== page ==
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Joan Ruddock (Lewisham, Deptford) (Lab): My right hon. Friend has done so much for women that I feel anxious about putting another request to her and asking for more. There is already a public sector duty to promote racial equality, and one is planned for disability. Can she yet respond positively to the campaign by the Equal Opportunities Commission for a public sector duty of gender equality?

Ms Hewitt: I pay tribute to my hon. Friend for the enormous work she has done, both as one of the first Ministers with responsibility for women and more recently with women in Afghanistan.

My hon. Friend raises an important point. I am glad to say that we are clear in principle that we shall extend the duty to promote equality within the public sector to the issue of gender equality. We need to see when we can make parliamentary time to put that into legislative effect, but we have accepted the principle.

Mr. John Bercow (Buckingham) (Con): Given that the right hon. Lady told the House on 1 May last year that, as a result of the important equal pay reviews that the Government had conducted, serious problems of unequal pay had been unearthed, will she update the House on progress in the implementation of action plans submitted to the Cabinet Office on this matter? While she is about it, will she be good enough also to address the issue of whether the Government intend to extend the search for equal pay reviews to contractors and subcontractors to government, a subject in which her deputy took a great interest in Westminster Hall on 25 June last year, but which she acknowledged to be tricky? I would welcome an update.

Ms Hewitt: As the hon. Gentleman will know, because we have published summaries both of the equal pay reviews and the action plans, we are now taking steps within every Government Department. For instance, in this year's pay negotiations, some of which will cover more than one year, we are taking steps to deal with the equal pay problems that have been unearthed. Some, which are in a sense easiest to remedy, occur within particular grades. They will be dealt with through pay restructuring and the pay increases now being put in place. Others are more difficult to tackle, because they arise in part from job segregation, a point that I shall come to.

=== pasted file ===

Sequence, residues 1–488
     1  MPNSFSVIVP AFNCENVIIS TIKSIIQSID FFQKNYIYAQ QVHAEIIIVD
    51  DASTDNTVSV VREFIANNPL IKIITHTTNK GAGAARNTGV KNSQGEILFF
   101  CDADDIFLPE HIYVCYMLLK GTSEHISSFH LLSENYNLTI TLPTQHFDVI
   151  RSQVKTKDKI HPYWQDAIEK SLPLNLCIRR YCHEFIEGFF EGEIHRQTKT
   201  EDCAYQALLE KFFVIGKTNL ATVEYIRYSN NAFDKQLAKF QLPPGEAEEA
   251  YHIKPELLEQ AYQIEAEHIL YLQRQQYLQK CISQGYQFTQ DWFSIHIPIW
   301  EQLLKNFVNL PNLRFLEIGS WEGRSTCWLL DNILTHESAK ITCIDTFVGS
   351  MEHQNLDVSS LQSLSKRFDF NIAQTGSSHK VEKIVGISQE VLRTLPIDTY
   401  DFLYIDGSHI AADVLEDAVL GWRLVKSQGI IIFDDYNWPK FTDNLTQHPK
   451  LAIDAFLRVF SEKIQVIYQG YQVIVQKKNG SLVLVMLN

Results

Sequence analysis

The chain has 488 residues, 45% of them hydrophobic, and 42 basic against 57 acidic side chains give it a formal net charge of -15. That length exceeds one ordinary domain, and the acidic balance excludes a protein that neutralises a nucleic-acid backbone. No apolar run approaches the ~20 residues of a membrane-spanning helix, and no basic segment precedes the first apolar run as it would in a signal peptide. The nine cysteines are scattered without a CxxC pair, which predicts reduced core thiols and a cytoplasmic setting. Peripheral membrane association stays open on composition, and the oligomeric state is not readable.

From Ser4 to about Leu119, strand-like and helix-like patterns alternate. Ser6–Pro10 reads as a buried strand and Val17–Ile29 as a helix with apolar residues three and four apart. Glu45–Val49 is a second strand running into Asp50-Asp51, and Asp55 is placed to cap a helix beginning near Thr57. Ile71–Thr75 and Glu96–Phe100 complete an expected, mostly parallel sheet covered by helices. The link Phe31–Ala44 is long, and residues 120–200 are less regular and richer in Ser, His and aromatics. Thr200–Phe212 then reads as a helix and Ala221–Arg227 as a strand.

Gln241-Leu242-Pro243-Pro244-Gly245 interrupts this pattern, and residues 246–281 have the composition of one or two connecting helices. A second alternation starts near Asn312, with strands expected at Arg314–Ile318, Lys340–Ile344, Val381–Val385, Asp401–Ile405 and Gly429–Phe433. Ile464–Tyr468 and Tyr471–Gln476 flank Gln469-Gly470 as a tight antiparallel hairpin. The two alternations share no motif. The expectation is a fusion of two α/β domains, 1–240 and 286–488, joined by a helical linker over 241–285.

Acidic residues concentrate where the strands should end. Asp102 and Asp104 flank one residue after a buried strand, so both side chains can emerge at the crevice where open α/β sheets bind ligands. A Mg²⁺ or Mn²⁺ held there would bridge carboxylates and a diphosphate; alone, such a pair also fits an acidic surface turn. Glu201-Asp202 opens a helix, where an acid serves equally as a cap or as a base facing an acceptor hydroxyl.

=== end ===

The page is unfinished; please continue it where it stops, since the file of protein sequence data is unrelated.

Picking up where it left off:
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We are considering whether equal pay reviews should be extended to contractors and subcontractors. Many different organisations make a strong case for using what used to be called contract compliance to ensure not just better pay and equal pay, but compliance with environmental standards and so on. As the hon. Gentleman will readily acknowledge, we need to balance the benefits that could arise from that action with the possible costs to the businesses involved. I hope that he will acknowledge the need to do a proper regulatory impact assessment before contemplating going down that route.